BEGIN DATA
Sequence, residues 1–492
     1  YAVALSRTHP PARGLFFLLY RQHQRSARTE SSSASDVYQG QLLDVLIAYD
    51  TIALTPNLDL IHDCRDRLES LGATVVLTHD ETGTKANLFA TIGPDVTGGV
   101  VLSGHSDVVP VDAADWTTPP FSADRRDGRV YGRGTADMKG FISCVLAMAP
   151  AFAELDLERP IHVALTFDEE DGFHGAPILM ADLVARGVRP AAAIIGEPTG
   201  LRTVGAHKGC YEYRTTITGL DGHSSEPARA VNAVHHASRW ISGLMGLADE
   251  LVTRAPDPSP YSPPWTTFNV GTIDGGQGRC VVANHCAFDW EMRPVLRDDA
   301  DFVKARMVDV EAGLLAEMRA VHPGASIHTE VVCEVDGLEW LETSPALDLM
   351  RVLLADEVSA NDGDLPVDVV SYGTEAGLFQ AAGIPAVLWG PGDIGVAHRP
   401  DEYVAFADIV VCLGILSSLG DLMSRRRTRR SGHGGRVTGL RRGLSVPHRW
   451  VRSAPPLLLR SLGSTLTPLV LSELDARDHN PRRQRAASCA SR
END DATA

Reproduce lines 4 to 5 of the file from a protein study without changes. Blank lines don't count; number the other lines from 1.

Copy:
   101  VLSGHSDVVP VDAADWTTPP FSADRRDGRV YGRGTADMKG FISCVLAMAP
   151  AFAELDLERP IHVALTFDEE DGFHGAPILM ADLVARGVRP AAAIIGEPTG